Gemma Arterton has always been fan friendly and has signed a number of my sketches over the years at premieres and stage doors. She is currently starring as Rita O’Grady in Made In Dagenham – the stage musical about the Ford sewing machinists strike of 1968 concerning equal pay for women at London’s Adelphi Theatre.
I had drawn this montage of Gemma from her roles in the films Runner Runner and Byzantium some time ago and had it in my folder, I just so happened to be passing the Adelphi stage door last week when she emerged from and veining performance to catch up with the gathered admirers. I waited, then asked her if she wouldn’t mind signing the drawing, which she was happy to do.
The old adage, ‘if you want something done, give it to a busy person,’ certainly applies to pioneering English theatre director Rupert Goold. The artistic director of London’s Almeida Theatre and associate director at the Royal Shakespeare Company had two hit shows open weeks apart on the West End. After premiering at the Almeida, Mike Bartlett’s controversial play King Charles III transferred to the Wyndham’s Theatre on Charring Cross Road. It confronts the difficult question of what will happen when the Queen dies and a possible constitutional crisis ensues.
Rupert also directs the new musical Made in Dagenham with Gemma Arterton leading a feisty feminist strike force at the Ford auto factory in the east London suburbs. It’s the stage version of the popular feel good 2010 movie and opened on Guy Fawkes night this week.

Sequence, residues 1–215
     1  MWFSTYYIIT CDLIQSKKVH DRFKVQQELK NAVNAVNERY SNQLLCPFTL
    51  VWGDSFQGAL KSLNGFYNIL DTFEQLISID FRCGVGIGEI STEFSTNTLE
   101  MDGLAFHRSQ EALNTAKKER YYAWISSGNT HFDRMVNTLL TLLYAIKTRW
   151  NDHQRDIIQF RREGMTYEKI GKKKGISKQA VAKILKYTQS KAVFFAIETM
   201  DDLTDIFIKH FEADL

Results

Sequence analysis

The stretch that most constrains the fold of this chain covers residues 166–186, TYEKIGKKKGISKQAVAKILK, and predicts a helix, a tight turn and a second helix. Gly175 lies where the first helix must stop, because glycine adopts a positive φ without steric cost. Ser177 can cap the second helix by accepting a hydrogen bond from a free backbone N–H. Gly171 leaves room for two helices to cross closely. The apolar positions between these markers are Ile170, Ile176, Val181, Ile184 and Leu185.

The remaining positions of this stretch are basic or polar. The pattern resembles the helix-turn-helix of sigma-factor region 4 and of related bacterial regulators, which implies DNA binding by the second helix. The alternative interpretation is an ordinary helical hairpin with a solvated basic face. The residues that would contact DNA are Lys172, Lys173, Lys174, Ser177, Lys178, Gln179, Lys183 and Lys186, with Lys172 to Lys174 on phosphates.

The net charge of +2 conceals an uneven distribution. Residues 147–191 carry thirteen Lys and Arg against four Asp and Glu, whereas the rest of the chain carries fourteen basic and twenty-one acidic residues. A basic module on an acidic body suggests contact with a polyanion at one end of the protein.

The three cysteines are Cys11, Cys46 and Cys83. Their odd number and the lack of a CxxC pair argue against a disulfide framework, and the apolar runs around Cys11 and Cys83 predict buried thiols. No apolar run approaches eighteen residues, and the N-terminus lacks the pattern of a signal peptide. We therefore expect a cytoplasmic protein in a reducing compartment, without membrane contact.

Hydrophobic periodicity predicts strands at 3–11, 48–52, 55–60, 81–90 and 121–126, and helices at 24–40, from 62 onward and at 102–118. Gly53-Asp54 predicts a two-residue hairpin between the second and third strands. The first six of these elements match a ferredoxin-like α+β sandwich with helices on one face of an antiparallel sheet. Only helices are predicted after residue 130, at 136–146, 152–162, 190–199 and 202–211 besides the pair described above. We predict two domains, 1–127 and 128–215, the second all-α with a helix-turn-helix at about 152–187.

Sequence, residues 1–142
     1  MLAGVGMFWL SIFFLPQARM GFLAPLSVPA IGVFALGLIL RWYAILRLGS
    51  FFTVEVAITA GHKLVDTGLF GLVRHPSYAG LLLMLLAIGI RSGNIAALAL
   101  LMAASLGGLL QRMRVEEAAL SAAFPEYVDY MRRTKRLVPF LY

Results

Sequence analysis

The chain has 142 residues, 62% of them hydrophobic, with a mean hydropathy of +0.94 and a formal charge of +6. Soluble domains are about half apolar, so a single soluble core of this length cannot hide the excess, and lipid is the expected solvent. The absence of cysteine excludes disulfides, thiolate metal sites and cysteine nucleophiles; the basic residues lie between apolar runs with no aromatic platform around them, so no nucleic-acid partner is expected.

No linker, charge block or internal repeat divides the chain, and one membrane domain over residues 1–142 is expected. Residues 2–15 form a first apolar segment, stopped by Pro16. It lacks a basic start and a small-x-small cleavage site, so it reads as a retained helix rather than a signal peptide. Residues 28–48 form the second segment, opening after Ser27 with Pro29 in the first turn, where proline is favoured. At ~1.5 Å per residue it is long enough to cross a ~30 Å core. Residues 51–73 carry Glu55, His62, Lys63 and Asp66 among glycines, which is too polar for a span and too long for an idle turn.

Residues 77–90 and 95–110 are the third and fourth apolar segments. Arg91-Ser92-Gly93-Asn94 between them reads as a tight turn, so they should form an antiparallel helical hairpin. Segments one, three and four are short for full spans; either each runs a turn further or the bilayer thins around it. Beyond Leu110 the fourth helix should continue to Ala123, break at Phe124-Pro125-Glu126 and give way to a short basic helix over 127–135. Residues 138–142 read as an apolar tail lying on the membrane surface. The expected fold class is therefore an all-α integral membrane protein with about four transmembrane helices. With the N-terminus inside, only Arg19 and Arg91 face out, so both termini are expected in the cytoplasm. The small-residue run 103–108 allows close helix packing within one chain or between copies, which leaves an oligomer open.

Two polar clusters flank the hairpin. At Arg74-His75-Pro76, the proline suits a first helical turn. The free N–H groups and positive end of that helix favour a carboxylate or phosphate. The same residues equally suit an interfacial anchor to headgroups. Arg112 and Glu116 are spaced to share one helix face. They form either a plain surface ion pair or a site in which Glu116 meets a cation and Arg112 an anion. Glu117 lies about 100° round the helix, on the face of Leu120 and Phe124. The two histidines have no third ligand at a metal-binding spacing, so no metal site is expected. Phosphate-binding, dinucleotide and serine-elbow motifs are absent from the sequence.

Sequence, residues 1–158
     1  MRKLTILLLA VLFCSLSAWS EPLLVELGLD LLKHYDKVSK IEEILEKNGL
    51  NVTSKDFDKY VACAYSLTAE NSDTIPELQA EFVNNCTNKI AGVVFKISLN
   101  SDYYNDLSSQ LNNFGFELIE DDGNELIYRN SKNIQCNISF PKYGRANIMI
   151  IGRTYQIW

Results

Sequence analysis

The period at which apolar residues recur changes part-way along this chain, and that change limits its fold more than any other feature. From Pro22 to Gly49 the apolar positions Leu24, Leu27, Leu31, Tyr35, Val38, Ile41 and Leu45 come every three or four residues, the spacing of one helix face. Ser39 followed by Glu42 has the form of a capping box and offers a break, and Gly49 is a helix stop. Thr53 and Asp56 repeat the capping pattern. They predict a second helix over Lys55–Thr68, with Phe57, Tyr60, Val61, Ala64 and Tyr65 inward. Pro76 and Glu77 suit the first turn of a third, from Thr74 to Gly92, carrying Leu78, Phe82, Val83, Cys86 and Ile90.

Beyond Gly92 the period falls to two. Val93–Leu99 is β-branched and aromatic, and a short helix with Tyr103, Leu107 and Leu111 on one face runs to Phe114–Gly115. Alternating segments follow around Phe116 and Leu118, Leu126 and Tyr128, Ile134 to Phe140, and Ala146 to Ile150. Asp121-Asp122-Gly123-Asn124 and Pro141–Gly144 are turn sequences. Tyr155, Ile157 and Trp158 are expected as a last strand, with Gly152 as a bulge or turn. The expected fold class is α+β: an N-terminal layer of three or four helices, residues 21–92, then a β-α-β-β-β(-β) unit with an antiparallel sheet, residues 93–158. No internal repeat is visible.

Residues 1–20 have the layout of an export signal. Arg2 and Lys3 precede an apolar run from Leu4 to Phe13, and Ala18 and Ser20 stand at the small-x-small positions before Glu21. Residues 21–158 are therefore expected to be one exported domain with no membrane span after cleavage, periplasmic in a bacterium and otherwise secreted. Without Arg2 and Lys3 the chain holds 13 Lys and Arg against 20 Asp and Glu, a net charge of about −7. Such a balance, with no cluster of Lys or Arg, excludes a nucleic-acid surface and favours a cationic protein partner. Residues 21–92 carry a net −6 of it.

As is custom, my wife and I celebrated our wedding anniversary with a slice of theatre. The precedent is a Shakespeare play, but this year for a slight deviation we went and saw King Charles III, which pays homage to the Bard, written in a blank verse style. I did this sketch of Rupert winning his Olivier a while back. He won the 2008 award for Best Director for the acclaimed Minerva Studio staging of Macbeth with Patrick Stewart in the title role.
It just so happened I had it in my bag that night – the same evening Made in Dagenham had its press night. Another deviation as we strolled to the train station, past the Adelphi Theatre stage door, where only minutes later the said director appeared with a large grin, indicating a successful opening (the show, not his mouth). A good time to get my sketch signed, which he was more than happy to do.
I immediately congratulated him on Charles III, which in hindsight seemed an odd thing to say at the premiere of his other show. That’s what happens when you’re the busiest director in town!
Bond girl and BAFTA nominated Brit actress Gemma Arterton is currently on stage playing Rita O’Grady, the lead in the new musical Made in Dagenham which started previews earlier this month and opens at London’s Adelphi Theatre on 5 November.
Based on the film of the same name, it tells the story of sexual discrimination at the Ford car plant in Dagenham, Essex and the 1968 sewing machinists’ strike in which 850 female workers took on the might of the motoring giant and the corruption of the union supposed to protect them.
Directed by Olivier Award winner Rupert Goold, it is written by Richard Bean with music by Bond composer David Arnold and lyrics by Richard Thomas.
Gemma has always been very generous with signing my theatre drawings, from The Little Dog Laughed at the Garrick, The Master Builder at the Almeida, and The Duchess of Malfi at the Globe. However, after the first Saturday evening performance of Dagenham, the large gathering of ‘graphers at the stage door were told, “programmes and tickets only”.
This was the first time I had sketched Gemma in lead – previously only in ink in various applications – so I was keen to have it signed. True to form, she did make an execption for the sketch and signed it for me. If the audience are anything to go by, the show will be a smash hit. It is booked to run until March next year.